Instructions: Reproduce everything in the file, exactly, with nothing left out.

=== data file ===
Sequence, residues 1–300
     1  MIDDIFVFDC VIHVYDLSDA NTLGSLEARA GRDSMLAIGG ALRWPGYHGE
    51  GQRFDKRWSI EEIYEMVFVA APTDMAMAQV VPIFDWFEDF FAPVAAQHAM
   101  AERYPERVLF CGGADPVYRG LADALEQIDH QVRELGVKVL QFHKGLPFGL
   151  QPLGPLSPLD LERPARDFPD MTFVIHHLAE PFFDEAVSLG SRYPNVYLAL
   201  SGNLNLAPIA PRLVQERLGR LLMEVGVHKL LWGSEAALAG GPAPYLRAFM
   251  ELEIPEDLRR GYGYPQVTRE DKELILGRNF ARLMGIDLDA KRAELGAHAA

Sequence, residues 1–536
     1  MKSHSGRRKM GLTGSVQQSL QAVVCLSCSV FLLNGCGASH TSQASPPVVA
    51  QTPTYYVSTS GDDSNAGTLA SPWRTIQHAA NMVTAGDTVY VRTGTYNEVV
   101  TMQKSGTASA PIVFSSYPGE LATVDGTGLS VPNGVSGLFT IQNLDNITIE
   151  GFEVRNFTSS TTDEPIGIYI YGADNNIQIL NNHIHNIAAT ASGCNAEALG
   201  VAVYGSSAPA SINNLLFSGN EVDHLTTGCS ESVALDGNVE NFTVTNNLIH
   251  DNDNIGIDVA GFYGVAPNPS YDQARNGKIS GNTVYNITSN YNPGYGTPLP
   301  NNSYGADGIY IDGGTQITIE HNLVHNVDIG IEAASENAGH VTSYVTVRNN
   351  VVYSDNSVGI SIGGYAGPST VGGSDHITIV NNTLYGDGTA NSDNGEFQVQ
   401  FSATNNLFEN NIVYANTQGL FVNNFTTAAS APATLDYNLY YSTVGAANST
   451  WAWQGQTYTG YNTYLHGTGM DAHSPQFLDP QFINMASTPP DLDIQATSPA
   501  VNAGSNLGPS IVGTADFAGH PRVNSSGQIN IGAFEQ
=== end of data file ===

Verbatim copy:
Sequence, residues 1–300
     1  MIDDIFVFDC VIHVYDLSDA NTLGSLEARA GRDSMLAIGG ALRWPGYHGE
    51  GQRFDKRWSI EEIYEMVFVA APTDMAMAQV VPIFDWFEDF FAPVAAQHAM
   101  AERYPERVLF CGGADPVYRG LADALEQIDH QVRELGVKVL QFHKGLPFGL
   151  QPLGPLSPLD LERPARDFPD MTFVIHHLAE PFFDEAVSLG SRYPNVYLAL
   201  SGNLNLAPIA PRLVQERLGR LLMEVGVHKL LWGSEAALAG GPAPYLRAFM
   251  ELEIPEDLRR GYGYPQVTRE DKELILGRNF ARLMGIDLDA KRAELGAHAA

Sequence, residues 1–536
     1  MKSHSGRRKM GLTGSVQQSL QAVVCLSCSV FLLNGCGASH TSQASPPVVA
    51  QTPTYYVSTS GDDSNAGTLA SPWRTIQHAA NMVTAGDTVY VRTGTYNEVV
   101  TMQKSGTASA PIVFSSYPGE LATVDGTGLS VPNGVSGLFT IQNLDNITIE
   151  GFEVRNFTSS TTDEPIGIYI YGADNNIQIL NNHIHNIAAT ASGCNAEALG
   201  VAVYGSSAPA SINNLLFSGN EVDHLTTGCS ESVALDGNVE NFTVTNNLIH
   251  DNDNIGIDVA GFYGVAPNPS YDQARNGKIS GNTVYNITSN YNPGYGTPLP
   301  NNSYGADGIY IDGGTQITIE HNLVHNVDIG IEAASENAGH VTSYVTVRNN
   351  VVYSDNSVGI SIGGYAGPST VGGSDHITIV NNTLYGDGTA NSDNGEFQVQ
   401  FSATNNLFEN NIVYANTQGL FVNNFTTAAS APATLDYNLY YSTVGAANST
   451  WAWQGQTYTG YNTYLHGTGM DAHSPQFLDP QFINMASTPP DLDIQATSPA
   501  VNAGSNLGPS IVGTADFAGH PRVNSSGQIN IGAFEQ